CARS.COM — Shopping for a vehicle as a first-time buyer can be exciting and stressful, and there's a lot to remember. First-time car buyers face many challenges when it comes to finding the perfect first car, securing an auto loan with limited credit, and getting a good deal. So what are the common pitfalls you should avoid at your dealership?
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Common Pitfalls to Avoid as a First-Time Buyer
Whether you are shopping for your very first car or you are looking to buy a new car instead of leasing for the first time, the process can be a bit overwhelming. Here are some of the most common mistakes first-time buyers make and how to avoid them.
Leaving too much time between test drives. We know; you're busy, but if you spend a month test-driving on the weekends, it'll be hard to make accurate comparisons. Instead, find an auto mall and test your top picks back-to-back on one day. Use a notebook or your smartphone to create a scoring grid and evaluate the same aspects of every one you drive.
Try these 10 factors to score: visibility, driver's-seat comfort, backseat space, cargo room, interior quality, multimedia functionality, acceleration, handling, ride comfort and noise. Remember to consider EPA mpg ratings and (of course) price. Make detailed notes about exactly what you love (and don't love) about everything you test-drive.
Shopping only by monthly payment. Too many first-time car buyers set their budget by the monthly payment, a number that's easily manipulated by changing auto loan terms. Let's say you had $3,000 for a down payment and wanted to spend $500 a month on your new car. That should get you a 4 percent 48-month loan on a $25,000 mid-size sedan. But that same $500 monthly payment and $3,000 down could get you a $35,000 SUV with leather seats and a moonroof. What's the catch? You'll be paying for much longer (72 months) and at a higher interest rate (4.5 percent). Bottom line: You'll spend an additional $12,000 over the length of the loan.
"The key thing then is that at the end of four years, you've got a car that's paid off, and suddenly you don't have a car payment," said Mike Sante, managing editor at Interest.com. "If you've taken care of it — you've changed the oil, you've done all the stuff that you've got to do — you've got a vehicle that can last for at least another two or three years."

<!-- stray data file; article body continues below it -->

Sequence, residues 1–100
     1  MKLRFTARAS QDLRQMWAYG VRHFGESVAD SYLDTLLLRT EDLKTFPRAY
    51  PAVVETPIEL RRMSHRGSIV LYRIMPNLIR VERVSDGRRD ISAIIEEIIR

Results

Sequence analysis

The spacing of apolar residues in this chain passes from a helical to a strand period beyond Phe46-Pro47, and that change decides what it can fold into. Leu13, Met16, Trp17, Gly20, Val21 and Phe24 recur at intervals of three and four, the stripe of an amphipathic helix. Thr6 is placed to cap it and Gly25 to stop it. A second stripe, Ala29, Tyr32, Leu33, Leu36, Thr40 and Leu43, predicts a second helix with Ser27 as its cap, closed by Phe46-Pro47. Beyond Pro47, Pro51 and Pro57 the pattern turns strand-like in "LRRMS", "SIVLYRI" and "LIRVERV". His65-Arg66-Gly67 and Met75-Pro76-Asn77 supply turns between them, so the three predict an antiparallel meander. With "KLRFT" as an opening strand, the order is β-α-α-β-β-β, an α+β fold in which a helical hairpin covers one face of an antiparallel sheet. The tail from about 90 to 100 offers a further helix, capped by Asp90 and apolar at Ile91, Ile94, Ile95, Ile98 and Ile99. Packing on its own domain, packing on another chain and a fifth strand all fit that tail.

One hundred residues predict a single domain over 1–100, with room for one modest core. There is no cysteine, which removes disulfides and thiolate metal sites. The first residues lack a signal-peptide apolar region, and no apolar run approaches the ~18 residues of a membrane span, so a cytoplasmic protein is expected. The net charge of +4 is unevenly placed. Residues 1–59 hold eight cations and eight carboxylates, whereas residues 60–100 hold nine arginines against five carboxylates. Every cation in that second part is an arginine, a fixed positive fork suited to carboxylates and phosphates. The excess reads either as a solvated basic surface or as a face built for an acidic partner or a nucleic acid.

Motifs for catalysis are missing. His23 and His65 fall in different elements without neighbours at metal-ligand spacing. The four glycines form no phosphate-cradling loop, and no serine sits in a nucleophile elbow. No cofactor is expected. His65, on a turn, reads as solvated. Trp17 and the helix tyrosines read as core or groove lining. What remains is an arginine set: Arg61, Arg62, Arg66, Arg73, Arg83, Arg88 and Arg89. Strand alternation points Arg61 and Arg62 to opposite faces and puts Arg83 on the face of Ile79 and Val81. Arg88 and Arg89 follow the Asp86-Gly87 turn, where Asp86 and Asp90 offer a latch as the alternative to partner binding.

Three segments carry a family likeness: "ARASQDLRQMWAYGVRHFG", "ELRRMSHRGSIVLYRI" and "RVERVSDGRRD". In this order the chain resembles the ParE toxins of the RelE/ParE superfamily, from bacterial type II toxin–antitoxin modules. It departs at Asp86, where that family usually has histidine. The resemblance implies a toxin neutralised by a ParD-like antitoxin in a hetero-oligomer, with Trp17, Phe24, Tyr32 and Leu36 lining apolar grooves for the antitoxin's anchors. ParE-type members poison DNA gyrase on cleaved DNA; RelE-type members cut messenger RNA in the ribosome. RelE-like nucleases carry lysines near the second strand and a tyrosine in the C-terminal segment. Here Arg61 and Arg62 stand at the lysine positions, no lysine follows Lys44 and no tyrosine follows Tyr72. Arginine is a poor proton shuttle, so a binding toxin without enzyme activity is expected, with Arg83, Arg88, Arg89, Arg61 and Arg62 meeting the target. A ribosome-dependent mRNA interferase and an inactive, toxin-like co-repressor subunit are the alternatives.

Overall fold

One benefit: You won't be upside down on your auto loan as long. Let's say that a year into ownership, circumstances force you to sell the car. With the sedan scenario, you'd still owe $16,825 in loan principle. If the sedan had depreciated (seen its value decline) by 25 percent, you'd be able to sell it for close to $19,000 and pocket about $2,000. But in the SUV scenario, you'd still owe $27,247 after a year, and if it had also depreciated by 25 percent, you'd owe $1,000 more than the SUV was worth.
Adding options by monthly payment. Some automakers pitch extra options and accessories, or even service contracts like extended warranties, by monthly payment. Make sure you do the math. An extra $13 per month for those fancy wheels might not seem like a lot, but over a 72-month loan, they'll cost you $936.
Not knowing the deals. From factory rebates and dealer cash to low-interest financing, all but the most sought-after new cars have some sort of incentive. It can be considerable: Overall industry incentives amounted to $2,842 per vehicle in May 2015, according to Autodata.
Knowing which factory and dealer incentives are available gives you the best starting point for negotiations. You may not qualify for that loyalty rebate or have good enough credit for the low-interest loan, but general factory rebates have fewer eligibility restrictions.